Shoppers across the developed world face sharply rising prices, and leaders are reaching for all manner of remedies—but that’s what central banks are for.
Behind the story of Myanmar’s brutal military leadership is a slow stream of defectors; our correspondent meets the support network they rely on. And cover songs muddle the notion of who can call it their tune.
“Bagan is actually a splendid site. You can imagine in only in this, like, fifty square kilometers, they have more than 3,000 monuments. And then all the monuments have different styles and different architecture”.
The ancient past of Bagan, Myanmar, is still visible today in the more than 3,000 temples, monasteries, and works of art and architecture that remain at the site. Beginning around 1000 CE, Bagan served as the capital city of the Pagan Kingdom. Many of the surviving monuments date from the 11th to 13th centuries. A number of these temples are still used by worshippers and pilgrims today. A 2016 earthquake, which damaged over 400 structures, brought renewed international attention to Bagan and its future.
In February 2020, a team from the Getty Conservation Institute (GCI) returned from doing intensive preparatory work with international and local colleagues in Bagan to launch a long-term conservation project there. Soon after, the worldwide outbreak of COVID-19 closed borders and halted travel. In February 2021, a coup d’état staged by the Burmese Military plunged the country into further uncertainty.
In this episode, Susan Macdonald, head of Buildings and Sites at the GCI, and Ohnmar Myo, the GCI’s consultant in Myanmar, discuss the history of Bagan, the demands and challenges of conservation there, and their hopes for the future of the site. Myo is a former project officer of the Cultural Unit, UNESCO, and was a principal preparator of the report that confirmed Bagan’s World Heritage Site status in 2019. This conversation was recorded in January 2021, under very different circumstances, but it captures the curiosity, ambitions, optimism, and collaborative spirit that guided the project at that time.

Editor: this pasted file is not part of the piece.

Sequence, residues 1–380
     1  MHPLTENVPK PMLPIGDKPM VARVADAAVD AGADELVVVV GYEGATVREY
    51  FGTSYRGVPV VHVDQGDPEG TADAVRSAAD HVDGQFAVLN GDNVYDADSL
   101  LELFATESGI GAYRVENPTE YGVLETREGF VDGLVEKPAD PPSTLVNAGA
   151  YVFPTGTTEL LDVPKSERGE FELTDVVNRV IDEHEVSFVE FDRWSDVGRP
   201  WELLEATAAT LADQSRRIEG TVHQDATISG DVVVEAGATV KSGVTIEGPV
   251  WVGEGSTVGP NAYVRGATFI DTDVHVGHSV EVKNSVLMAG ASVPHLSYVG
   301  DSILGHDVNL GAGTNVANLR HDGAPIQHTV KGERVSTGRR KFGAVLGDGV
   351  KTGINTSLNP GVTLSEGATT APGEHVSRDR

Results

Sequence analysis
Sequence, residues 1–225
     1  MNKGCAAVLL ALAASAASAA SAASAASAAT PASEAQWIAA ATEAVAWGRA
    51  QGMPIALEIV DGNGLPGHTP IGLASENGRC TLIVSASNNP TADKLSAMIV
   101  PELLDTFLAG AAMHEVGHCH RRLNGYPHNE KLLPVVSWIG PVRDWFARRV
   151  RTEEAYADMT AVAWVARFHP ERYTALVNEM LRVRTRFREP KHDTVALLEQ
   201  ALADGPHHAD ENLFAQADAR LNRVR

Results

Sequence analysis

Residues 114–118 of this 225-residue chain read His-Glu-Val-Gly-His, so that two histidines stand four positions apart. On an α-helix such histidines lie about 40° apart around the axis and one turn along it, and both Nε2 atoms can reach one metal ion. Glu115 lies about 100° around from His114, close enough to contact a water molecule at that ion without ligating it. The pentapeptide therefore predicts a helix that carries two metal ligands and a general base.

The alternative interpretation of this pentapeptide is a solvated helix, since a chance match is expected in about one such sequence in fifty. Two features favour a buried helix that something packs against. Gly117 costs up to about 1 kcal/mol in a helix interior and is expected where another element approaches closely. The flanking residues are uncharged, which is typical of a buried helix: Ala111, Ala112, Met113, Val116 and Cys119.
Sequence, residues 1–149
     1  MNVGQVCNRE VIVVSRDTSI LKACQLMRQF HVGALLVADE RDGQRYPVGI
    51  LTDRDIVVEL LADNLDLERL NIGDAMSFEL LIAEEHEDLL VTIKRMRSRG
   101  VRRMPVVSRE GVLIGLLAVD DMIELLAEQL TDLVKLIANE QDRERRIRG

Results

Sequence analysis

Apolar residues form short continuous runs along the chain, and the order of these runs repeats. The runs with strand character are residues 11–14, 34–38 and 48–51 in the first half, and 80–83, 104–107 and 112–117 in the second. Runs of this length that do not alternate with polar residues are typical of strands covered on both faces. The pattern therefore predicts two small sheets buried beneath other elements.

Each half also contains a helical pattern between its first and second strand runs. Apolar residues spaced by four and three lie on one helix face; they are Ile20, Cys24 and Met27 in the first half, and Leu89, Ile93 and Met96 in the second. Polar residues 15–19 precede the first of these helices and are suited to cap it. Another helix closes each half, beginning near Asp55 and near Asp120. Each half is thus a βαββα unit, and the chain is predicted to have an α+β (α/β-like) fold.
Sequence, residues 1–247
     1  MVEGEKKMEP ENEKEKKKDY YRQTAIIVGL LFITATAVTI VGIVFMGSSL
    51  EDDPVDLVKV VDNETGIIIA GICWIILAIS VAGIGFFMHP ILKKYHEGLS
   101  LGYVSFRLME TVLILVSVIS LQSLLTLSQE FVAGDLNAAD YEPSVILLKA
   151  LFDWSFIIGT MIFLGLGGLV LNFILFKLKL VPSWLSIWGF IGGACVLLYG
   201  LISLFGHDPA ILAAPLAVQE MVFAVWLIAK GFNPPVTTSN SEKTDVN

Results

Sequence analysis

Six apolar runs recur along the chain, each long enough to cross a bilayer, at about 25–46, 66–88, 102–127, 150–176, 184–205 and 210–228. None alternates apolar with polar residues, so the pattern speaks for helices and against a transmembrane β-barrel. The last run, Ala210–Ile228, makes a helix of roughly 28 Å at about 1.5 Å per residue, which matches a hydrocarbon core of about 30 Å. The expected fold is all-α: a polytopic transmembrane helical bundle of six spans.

Wepreview this week’s Asean summit, which arrives at a turbulent time for the region, and discuss the possibility of an EU diplomatic mission in Kabul. Plus, can the weather bring viewers back to Fox News?
Myanmar (formerly Burma) is a Southeast Asian nation of more than 100 ethnic groups, bordering India, Bangladesh, China, Laos and Thailand. Yangon (formerly Rangoon), the country’s largest city, is home to bustling markets, numerous parks and lakes, and the towering, gilded Shwedagon Pagoda, which contains Buddhist relics and dates to the 6th century.
Myanmar is on the brink of collapse. Its armed forces are continuing a brutal crackdown—arresting, torturing and killing protesters—as Aung San Suu Kyi, Myanmar’s de-facto leader, is detained. Our experts answer your questions.
Chapters 00:00 – What will happen to Aung San Suu Kyi? 02:15 – What are India and China doing? 03:37 – Should the West intervene? 05:25 – What’s happening to the Rohingya refugees? 07:16 – How will Myanmar’s neighbours be affected? 08:44 – Will civil war break out? 10:36 – Can the protesters win? 12:05 – Will Myanmar become a failed state?
Five stories to know for April 27: North Carolina shooting, Justice Department’s probe into Breonna Taylor’s death, Republicans’ drive to recall Gavin Newsom, India’s COVID deaths near 200,000 and fighting in Myanmar.
1. Attorneys for the family of Andrew Brown Jr., a Black man shot by sheriff’s deputies in North Carolina during an attempted arrest last week, said body camera footage showed Brown had been “executed”.
2. The Justice Department launched a civil probe of the Louisville, Kentucky, police department whose officers last year fatally shot Breonna Taylor in a botched raid.
3. A Republican-led effort to recall California Democratic Governor Gavin Newsom has garnered enough valid signatures to make the ballot.
4. Vital medical supplies poured into India as hospitals starved of life-saving oxygen and beds turned away coronavirus patients, while a surge in infections pushed the death toll towards 200,000.
5. Ethnic minority Karen insurgents attacked a Myanmar army outpost near the Thai border in some of the most intense clashes since a military coup threw the country into crisis.